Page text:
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'Cyberforms' is a project realized over a series of five sketches created in Processing which aims to explore the possibilities of generating emergent, organic-like structures that exhibit fluid, delicate movement as they grow across the screen.

Produced by: Teodora Fartan


The initial idea for this project was to employ the techniques learned in class in order to create a visual piece that simulates organic qualities, such as growth and continuous movement. The movement exhibited by flames and underwater organisms that appear to float whilst still anchored to the ground has served as initial inspiration for the visual aesthetics of the pieces included in the series – the aim was to achieve a flowing, ever-changing shape that is reminiscent of shifting organisms in nature. I became interested in ways in which simple constructs such as the line() function can be employed alongside other factors such as colour in order to render a form that appears to be an organic, “living” shape both visually and in terms of motion.



When devising the first prototype for the series, colour played perhaps a crucial role. I worked towards rendering a gradient by employing a variable that, using the index of a for loop and the sin() function in conjunction with the Frame Count number, was used to generate smooth fluctuations in colour. Here is an example of the gradient created by statically rendering the lines that ultimately create the forms on either a section of the screen or diagonally across the sketch window:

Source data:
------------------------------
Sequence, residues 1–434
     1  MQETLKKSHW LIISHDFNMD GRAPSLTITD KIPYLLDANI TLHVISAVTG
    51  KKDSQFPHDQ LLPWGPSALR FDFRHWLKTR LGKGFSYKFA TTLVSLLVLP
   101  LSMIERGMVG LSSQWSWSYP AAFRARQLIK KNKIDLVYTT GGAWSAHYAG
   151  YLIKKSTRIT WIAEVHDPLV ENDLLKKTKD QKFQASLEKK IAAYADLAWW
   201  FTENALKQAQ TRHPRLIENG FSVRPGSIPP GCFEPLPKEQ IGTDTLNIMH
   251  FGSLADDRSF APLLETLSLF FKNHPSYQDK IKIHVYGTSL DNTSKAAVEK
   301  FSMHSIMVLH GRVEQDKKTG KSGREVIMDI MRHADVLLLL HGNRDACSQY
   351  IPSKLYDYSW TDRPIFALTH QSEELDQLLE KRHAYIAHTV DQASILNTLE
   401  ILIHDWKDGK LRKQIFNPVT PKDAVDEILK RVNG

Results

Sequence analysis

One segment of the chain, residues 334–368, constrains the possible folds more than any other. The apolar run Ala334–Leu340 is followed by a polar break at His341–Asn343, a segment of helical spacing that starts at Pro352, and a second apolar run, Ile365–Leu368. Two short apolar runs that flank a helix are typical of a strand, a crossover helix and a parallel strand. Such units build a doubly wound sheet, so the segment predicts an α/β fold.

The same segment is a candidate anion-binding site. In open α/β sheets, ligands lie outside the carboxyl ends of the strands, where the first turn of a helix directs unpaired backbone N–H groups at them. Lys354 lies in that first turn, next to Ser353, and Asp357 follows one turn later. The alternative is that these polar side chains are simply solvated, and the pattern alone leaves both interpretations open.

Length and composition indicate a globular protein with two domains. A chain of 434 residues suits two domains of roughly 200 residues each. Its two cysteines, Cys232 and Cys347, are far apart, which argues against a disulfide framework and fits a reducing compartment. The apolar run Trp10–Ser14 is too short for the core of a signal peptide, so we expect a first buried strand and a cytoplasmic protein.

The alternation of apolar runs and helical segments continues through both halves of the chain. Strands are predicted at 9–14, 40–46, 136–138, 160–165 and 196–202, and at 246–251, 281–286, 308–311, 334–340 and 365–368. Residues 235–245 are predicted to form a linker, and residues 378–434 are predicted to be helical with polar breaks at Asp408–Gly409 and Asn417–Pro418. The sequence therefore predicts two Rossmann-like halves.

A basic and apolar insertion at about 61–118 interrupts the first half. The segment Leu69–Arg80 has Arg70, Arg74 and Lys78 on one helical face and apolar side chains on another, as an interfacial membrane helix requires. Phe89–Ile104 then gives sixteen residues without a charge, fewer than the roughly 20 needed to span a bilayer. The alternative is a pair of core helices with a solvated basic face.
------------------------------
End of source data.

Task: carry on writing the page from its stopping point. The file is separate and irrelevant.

After achieving the desired colour effect, I decided to experiment with the same technical approach in terms of generating motion for the lines that I was rendering. Using the same variable that was storing the use of sin() to generate values based on the Frame Count number and index value of a for loop, I devised a way to employ it in the positioning of the lines by integrating it in the for loop used to draw them, more specifically using it to alter the parameters of the line() function that impacted on positioning on the X/Y axis. These changing values helped achieve the illusion of smooth, ever-changing movement that the pieces appear to have whilst at the same time the colour alteration described previously creates the illusion of a three-dimensional form through the smooth colour changes that appear to be shadows and highlighted portions.

The use of the aforementioned variable to alter motion allows a lot of freedom to the programmer in terms of manipulating or restricting the form, numerous possibilities being possible for creating shapes with each alteration of a parameter that affects positioning.

After extensively experimenting with this technique through trial and error, I have settled on five ‘forms’ that constitute the series:


In terms of further development, I am aiming to experiment with real-time audience input as a starting point for generating the shapes, perhaps using a Kinnect or a distance sensor in order to allow for the movement of an audience member to affect the growth and positioning of the shape.



Daniel Shiffman's 'Learning Processing' and 'The Nature of Code', particularly Chapter 3.3 on Trigonometry and his tutorial on "Simple Harmonic Motion" (available at:

Processing sketch examples that have oriented me towards using sin() to alter the movement of a shape/experimenting with colour gradients: